ISLAMABAD: The Asian Study Group (ASG) on Thursday hosted “Babey Lok: the Great Mystic Poets of Punjab”, where renowned musician Arieb Azhar introduced the diverse audience to the famous Sufi saints through poetic renditions and music.
The audience comprising locals and foreigners remained spellbound as Arieb Azhar brought to life the saints from Baba Farid Ganj Shakar of the 12th century to Mian Mohammad Baksh of the 19th century.
Arieb Azhar said in Punjabi, Lok means people and with Babey it meant “wise old people.”
“The Punjab - the land of five rivers - has been a crucible for culture, philosophy and poetry through the ages. Much of the folk music of this area developed round the poetry of the Sufi saints, who presented the essence of diverse cultures that had been coexisting in this region in a unified expression of poetic thought.
Their profound yet simple message has been resonating for over eight centuries and their verses may still be heard on the lips of every folk balladeer from Punjab”, he said.
Mr Azhar began his presentation with the tradition of Sufi poetry starting with the austerity of Baba Farid. Fariduddin Masud Ganjeshakar or ‘treasure of sweetness’ was a 13th century poet mystic in the Islamic Golden Age – a time of polymaths when critical thinking was encouraged.
Baba Farid was also one of the founders of the Chishti Sufi Order, tracing his lineage to Moinuddin Chishti through Qutbuddin Bakhtiar Kaki. His disciple was Nizamuddin Auliya.
Baba Farid established the tradition of the ‘Langar’ which the Sikh religion also adopted into their practice. In fact, several of Baba Farid’s hymns are included in the Guru Granth Sahib, the sacred book of the Sikhs and he is as venerated by the Sikhs as the Muslims.
After introducing the mystic saint, Arieb Azhar sang couplets from Baba Farid’s poetry and then translated them for the audience.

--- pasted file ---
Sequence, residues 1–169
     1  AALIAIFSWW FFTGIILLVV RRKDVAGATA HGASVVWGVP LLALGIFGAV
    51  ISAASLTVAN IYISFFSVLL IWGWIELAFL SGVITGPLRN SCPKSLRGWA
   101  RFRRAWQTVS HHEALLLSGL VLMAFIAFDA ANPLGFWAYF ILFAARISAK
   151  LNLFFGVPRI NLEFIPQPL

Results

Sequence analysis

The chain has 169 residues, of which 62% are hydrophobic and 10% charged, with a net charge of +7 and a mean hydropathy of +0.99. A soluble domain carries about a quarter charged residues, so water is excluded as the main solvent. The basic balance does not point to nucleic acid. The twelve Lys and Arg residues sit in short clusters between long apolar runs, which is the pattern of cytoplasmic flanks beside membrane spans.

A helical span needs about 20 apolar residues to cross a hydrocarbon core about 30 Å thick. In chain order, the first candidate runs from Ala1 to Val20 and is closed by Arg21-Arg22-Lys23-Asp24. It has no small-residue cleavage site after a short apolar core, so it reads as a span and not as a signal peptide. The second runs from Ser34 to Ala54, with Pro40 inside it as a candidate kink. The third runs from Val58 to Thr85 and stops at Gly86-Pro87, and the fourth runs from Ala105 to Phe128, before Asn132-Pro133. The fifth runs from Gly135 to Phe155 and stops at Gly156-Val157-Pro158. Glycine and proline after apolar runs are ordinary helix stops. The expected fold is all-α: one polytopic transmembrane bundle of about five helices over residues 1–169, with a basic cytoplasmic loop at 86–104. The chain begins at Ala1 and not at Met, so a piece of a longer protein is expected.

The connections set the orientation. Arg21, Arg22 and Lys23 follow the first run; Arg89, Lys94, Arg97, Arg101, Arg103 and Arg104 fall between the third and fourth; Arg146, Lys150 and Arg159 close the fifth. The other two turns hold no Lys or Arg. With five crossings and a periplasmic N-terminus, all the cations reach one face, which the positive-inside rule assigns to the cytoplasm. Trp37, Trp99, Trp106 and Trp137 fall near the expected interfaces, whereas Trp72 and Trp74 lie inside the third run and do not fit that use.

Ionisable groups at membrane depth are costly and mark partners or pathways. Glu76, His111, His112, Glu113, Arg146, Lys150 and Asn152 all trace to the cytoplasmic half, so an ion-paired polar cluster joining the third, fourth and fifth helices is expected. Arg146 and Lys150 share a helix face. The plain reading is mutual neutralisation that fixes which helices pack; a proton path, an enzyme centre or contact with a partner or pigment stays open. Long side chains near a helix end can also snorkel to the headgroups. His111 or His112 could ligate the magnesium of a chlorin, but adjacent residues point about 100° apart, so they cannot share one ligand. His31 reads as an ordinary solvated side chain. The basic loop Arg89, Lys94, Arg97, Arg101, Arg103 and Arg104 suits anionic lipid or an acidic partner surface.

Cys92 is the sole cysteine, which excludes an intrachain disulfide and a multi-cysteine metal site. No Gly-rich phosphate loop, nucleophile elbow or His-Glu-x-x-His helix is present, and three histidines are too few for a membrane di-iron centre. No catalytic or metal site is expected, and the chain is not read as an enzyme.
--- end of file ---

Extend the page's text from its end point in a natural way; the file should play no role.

With a brief presentation on the three pillars of Sikhism, that is Kirt Karo, Vand Chakko and Naam Jappo, and the famous Sikh pilgrimage sites, Nankana Sahib, Panja Sahib and Kartarpur in Pakistan, Arieb moved on to Shah Hussain and the Festival of Lights, who started as a weaver, became an ascetic and then a hedonist for the world. Shah Hussain is the pioneer of the Punjabi Kaafi style of poetry.
From there, Arieb took the audience through the contemplation of Sultan Bahu, the humanism and resistance of Bulleh Shah, Waris Shah and the love of Heer, Mian Mohammad Bakhsh and his epic poem Saiful Mulook.
Welcoming the guests, ASG President Parveen Malik gave an introduction of the organisation that was formed in 1973 for promotion of the Asian culture.
CEO Serena Hotels Aziz Boolani said they were contributing to the society in terms of promoting culture, arts and crafts and sports activities.
Ambassador of Austria and Patron of the ASG Andrea Wicke said, “As we gather here, we are not just celebrating an institution but celebrating the collective spirit of compassion and goodwill that binds us together.”
“Before being posted here, I had not been to Pakistan. Coming here, I discovered the culture of Pakistan is incredibly rich, old, diverse and deeply rooted in history. It is a melting pot of various ethnic, linguistic and religious groups each contributing to the vibrant tapestry that makes up the Pakistani cultural landscape”, she said.
Published in Dawn, September 29th, 2023